The D.C. government is seeking to dismiss a $1 billion lawsuit alleging that city officials discriminated against poor and working-class African American residents by crafting policies to promote the District as a mecca for young, affluent professionals.
In a motion filed late last month in U.S. District Court, lawyers argued that the lawsuit “failed to support any conspiracy claim” or provide evidence that D.C. land-use policies devised since the mid-2000s were intended to cause any group harm.
“Plaintiffs offer no factual support for their assertion that the District’s development policies disproportionately affect the access to housing for residents who are African-American,” the lawyers wrote in a motion submitted June 25.
Aristotle Theresa, the Anacostia-based attorney who filed the lawsuit in April, declined to respond to the government’s argument except to say that he is “confident in the merits of our claims.” Theresa is to submit his response to the District’s motion by July 16.
Like many cities across the country, the District has undergone a renaissance over the past generation as developers built or renovated housing in gentrifying areas that became magnets for young professionals.
As housing costs have soared across the District, poor, working-class and middle-class residents have struggled to retain their places in neighborhoods such as Columbia Heights, Petworth and Brookland.
In his lawsuit, Theresa argued that, beginning with the administration of Mayor Adrian M. Fenty (D), the District actively sought to attract what one urban theorist has labeled “the creative class,” a group that includes young entrepreneurs, tech developers and artists.
Theresa said residential towers that have risen across the city — filled with studio and one-bedroom apartments — catered to the newcomers and disregarded the needs of the poor and working-class families who have lived in the city for generations.
The lawsuit also contended that the District’s “New Communities” program — which converts public housing into mixed-income developments — was designed to break up long-established black communities.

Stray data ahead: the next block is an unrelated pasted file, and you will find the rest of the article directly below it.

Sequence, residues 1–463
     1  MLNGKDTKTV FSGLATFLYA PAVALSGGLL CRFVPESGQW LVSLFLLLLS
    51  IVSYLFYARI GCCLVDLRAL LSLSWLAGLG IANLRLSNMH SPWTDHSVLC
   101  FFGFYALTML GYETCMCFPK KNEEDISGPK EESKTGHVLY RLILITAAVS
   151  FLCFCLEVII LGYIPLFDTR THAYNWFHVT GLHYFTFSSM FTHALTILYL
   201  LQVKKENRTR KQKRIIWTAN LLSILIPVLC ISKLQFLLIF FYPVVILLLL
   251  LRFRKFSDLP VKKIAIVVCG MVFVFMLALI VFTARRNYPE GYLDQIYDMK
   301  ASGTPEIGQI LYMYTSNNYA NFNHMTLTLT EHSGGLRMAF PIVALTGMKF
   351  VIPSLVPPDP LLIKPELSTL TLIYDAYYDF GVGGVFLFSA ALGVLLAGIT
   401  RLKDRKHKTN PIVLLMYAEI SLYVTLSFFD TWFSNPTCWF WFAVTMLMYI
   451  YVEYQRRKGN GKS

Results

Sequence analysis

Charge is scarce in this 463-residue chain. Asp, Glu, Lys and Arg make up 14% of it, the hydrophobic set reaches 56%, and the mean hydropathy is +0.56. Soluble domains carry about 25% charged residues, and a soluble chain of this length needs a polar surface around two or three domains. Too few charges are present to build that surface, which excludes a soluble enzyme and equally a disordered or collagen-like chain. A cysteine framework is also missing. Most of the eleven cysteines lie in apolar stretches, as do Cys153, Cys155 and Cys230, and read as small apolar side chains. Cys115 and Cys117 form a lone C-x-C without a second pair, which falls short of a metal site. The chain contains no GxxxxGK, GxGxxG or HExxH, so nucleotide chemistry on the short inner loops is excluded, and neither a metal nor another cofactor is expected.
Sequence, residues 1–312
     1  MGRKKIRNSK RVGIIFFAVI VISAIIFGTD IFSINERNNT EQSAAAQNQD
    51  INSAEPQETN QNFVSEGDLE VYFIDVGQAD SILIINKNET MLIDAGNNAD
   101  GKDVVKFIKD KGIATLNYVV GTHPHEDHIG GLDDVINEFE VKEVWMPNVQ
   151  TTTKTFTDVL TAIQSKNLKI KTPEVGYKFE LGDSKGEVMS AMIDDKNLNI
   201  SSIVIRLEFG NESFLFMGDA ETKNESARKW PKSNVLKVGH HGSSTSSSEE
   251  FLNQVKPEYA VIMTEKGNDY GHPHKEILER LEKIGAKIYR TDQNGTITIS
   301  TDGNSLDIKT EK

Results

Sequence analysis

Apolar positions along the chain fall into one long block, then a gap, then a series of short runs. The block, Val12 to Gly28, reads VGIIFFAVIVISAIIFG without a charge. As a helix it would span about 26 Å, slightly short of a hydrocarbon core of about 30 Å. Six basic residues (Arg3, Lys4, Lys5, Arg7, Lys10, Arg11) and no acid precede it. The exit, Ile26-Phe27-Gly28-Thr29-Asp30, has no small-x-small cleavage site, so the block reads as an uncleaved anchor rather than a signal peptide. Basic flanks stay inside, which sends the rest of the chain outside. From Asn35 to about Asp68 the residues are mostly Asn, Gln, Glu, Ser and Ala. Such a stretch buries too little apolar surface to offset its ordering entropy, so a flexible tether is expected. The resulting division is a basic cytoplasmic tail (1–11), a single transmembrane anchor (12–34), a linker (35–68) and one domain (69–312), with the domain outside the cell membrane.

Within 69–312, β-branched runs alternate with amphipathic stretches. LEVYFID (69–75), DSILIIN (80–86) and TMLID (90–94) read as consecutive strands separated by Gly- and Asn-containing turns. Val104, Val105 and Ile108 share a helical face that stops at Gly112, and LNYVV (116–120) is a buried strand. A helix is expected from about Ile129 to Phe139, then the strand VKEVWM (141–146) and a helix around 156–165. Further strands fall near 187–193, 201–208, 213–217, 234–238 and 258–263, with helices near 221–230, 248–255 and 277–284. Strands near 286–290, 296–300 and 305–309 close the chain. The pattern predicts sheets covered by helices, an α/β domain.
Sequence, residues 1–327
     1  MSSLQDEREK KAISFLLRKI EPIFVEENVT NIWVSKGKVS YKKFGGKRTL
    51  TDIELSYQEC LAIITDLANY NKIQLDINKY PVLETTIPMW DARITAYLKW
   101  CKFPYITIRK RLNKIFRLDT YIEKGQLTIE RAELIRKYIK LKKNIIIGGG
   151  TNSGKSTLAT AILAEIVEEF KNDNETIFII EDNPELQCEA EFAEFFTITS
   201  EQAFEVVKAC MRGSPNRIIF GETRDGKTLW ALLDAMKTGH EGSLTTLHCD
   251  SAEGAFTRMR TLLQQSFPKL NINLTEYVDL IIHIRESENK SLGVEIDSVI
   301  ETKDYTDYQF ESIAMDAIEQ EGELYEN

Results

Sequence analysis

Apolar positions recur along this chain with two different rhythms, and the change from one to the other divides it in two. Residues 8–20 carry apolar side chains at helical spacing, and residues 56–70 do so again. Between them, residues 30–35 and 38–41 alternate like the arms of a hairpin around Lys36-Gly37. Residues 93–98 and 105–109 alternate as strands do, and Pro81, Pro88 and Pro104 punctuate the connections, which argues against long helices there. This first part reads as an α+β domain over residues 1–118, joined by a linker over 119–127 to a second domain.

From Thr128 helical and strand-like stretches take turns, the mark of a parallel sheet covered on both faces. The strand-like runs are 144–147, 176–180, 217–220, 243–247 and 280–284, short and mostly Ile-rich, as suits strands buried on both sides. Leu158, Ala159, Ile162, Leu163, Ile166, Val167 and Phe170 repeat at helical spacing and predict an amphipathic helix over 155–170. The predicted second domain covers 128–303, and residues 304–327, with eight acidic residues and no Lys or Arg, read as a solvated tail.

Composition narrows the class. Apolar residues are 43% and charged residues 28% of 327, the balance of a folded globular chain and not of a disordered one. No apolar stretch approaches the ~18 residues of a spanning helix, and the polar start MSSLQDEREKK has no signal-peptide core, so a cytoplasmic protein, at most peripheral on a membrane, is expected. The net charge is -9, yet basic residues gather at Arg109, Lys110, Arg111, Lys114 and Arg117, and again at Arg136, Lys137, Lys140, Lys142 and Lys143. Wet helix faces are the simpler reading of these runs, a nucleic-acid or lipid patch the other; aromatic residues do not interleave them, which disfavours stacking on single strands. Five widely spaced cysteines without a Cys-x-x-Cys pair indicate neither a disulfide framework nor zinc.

“Classist, racist, and ageist” was how Theresa described District policies that city officials say are intended to “economically integrate” neighborhoods. The lawsuit said those policies “lead to widespread gentrification and displacement.”
Theresa filed the lawsuit on behalf of Paulette Matthews and Greta Fuller, residents of Southeast Washington, and Shanifinne Ball, who lives in Northeast Washington. Fuller is a civic leader in Anacostia, while Ball has opposed development at Union Market.
In their motion to dismiss the complaint, the District’s lawyers said the city “understands plaintiffs’ concerns about the changing natures of their communities and the challenges they and others face in securing the homes and neighborhoods they desire.”
The motion said the plaintiffs “lack standing” to bring this lawsuit because none are alleging that the District’s actions “have or will cause them to experience actual or imminent injury.”
“Plaintiffs essentially contend that the development policies result in high density development that might, one day, force them . . . to leave their neighborhoods,” the District argued in its motion. “In the absence of plaintiffs establishing they have experienced an injury, in fact, they cannot establish that the District caused them injury, or that the injury is redressable by a favorable court action.”
Instead of proving that the city conspired to help one group over another, Theresa’s complaint “is filled with bald assertions of discriminatory intent,” the motion said.
“In sum, the challenged programs are explicitly designed to improve the lives of all District residents.”
Theresa, a civil rights attorney, has in recent years opposed several redevelopment projects, such as one slated for the McMillan reservoir in Northwest and the Barry Farm public housing complex in Southeast.
He has requested that the D.C. Court of Appeals overturn city approvals of more than a dozen projects. In two cases he was successful, delaying the projects by forcing D.C. officials to undertake an additional review.